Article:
Pro tips

  • Magnesium is vital for muscle function and energy production.

  • Combined with vitamin B6, it optimises carbohydrate energy utilisation.

  • Magnesium carbonate is recommended for optimal absorption. 

  • Electrolyte balance, including calcium and potassium, is crucial to prevent muscle cramps.

5. Ensure your body has what it needs to refuel and recover.

How you approach your recovery phase can be as crucial as the workout itself. Collin explains that the duration and nature of your workout, be it strength training or an endurance activity like running or cycling, should determine your nutritional intake after. Longer workouts require more carbohydrates, whereas more intense activities necessitate increased protein consumption. A ballpark figure to aim for is around 0.3 grams of protein per kilogram of body weight, translating to 25-30 grams of protein within an hour after exercising for an average athlete.


But what's the ideal way to recover? Is a post-workout meal better than a recovery shake? According to Collin, the choice between a shake or a meal largely depends on individual preferences. While some might be ravenous post-exercise, others may not have an appetite for the first couple of hours. For the latter group, a recovery shake or shot can be a perfect alternative.


When it comes to carbohydrates, aiming for 1 to 1.5 grams per kilogram of body weight is advisable. Using an 80-kilogram athlete as an example, that would mean around 220 grams of carbohydrates, preferably consumed in the first hour after working out.


Shiva prefers indulging in a treat she enjoys, like a pizza, which acts as both a reward and a recovery strategy. However, everyone's recovery journey is unique, and what works for one might not work for another.

Pro tips

  • Refuelling is crucial, with a focus on both carbohydrates and proteins.

  • Around 0.3 grams of protein per kilogram of body weight is a good rule of thumb.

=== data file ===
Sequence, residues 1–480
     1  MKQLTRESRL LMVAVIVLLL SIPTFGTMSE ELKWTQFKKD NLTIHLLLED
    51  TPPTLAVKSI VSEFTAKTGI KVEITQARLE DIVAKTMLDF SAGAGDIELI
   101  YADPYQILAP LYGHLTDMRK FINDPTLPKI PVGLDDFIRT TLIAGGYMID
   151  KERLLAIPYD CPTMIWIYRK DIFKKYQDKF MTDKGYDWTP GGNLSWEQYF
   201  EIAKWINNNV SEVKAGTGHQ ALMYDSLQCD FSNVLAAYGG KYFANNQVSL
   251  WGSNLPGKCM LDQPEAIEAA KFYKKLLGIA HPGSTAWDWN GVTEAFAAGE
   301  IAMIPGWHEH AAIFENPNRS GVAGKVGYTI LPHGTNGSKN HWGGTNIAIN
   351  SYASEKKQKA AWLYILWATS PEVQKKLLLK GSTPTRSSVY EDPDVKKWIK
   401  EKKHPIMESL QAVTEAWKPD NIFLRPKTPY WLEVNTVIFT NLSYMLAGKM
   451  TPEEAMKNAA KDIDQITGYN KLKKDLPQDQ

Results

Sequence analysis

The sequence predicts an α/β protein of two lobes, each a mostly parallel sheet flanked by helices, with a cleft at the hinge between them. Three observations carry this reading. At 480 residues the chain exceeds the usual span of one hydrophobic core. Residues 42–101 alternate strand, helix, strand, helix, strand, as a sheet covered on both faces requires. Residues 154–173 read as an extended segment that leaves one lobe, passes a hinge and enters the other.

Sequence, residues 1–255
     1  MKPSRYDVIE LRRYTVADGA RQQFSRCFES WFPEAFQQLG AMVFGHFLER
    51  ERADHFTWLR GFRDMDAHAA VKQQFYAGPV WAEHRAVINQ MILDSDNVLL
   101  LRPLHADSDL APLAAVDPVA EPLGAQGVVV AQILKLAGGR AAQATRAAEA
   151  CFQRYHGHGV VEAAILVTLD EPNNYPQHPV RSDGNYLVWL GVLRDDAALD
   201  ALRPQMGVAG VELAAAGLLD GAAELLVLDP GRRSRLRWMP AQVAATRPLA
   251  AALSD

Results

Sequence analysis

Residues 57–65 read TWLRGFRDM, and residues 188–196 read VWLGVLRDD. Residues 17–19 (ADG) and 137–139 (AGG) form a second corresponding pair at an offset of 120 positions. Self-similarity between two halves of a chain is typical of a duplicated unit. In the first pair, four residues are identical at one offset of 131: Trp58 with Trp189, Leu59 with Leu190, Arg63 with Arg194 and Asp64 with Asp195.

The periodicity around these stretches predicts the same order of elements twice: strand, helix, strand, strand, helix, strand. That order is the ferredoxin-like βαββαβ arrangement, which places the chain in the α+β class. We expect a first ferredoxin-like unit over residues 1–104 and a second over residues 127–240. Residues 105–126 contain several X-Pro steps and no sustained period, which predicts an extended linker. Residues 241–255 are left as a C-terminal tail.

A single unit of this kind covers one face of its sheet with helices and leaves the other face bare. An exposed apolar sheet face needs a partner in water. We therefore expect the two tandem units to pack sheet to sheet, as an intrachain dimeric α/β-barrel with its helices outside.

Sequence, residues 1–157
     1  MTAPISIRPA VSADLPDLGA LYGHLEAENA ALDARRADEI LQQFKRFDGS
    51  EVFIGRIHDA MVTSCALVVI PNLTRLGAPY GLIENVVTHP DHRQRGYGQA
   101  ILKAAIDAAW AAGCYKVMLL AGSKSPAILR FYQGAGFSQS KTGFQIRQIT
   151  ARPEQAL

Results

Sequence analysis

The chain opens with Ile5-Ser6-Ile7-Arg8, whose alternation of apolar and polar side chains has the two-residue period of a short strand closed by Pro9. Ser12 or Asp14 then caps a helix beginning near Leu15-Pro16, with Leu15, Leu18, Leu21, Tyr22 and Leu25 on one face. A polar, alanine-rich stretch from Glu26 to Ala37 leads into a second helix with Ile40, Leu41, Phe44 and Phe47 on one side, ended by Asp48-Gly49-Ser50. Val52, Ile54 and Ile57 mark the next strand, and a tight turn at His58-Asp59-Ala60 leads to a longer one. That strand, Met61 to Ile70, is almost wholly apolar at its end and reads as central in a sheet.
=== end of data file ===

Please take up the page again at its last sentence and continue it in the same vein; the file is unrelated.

• Recovery shakes or shots can be ideal for those who don’t feel like eating immediately after a workout.

  • Everyone's post-workout eating habits vary; it's essential to find what suits you best.

Unlock your body’s natural potential

XTRACT is a patented pre-exercise shot specifically designed to help endurance athletes boost their natural potential, support muscle function and reduce fatigue.


6. Supplement smart to boost your body’s performance and endurance.

One of the primary challenges for athletes in demanding endurance events like the UTMB is keeping their energy levels stable. According to Collin, the key is ensuring a steady supply of carbohydrates. These carbs act as fuel, ensuring that an athlete doesn't "hit a wall" or "run on empty." Maintaining adequate carbohydrate stores helps sustain one's pace throughout the race, and it also plays a crucial role in post-race recovery.


However, carbohydrates aren't the only supplements worth considering. Collin elaborates, "Many endurance athletes don't realise the benefits of supplements like creatine for short, intense intervals. It’s these insights that give you the edge."


Electrolytes are equally crucial. Especially Potassium, given its role in muscle function and preventing cramps. An imbalance can be detrimental, leading to muscle fatigue and reduced performance. Similarly, sodium plays a pivotal role in fluid balance, ensuring athletes stay hydrated and reducing the risk of conditions like hyponatremia.

Pro tips

  • Carbohydrates are fundamental for sustained energy levels throughout a long race.

  • Balancing electrolytes, especially potassium and sodium, is vital for muscle function and hydration.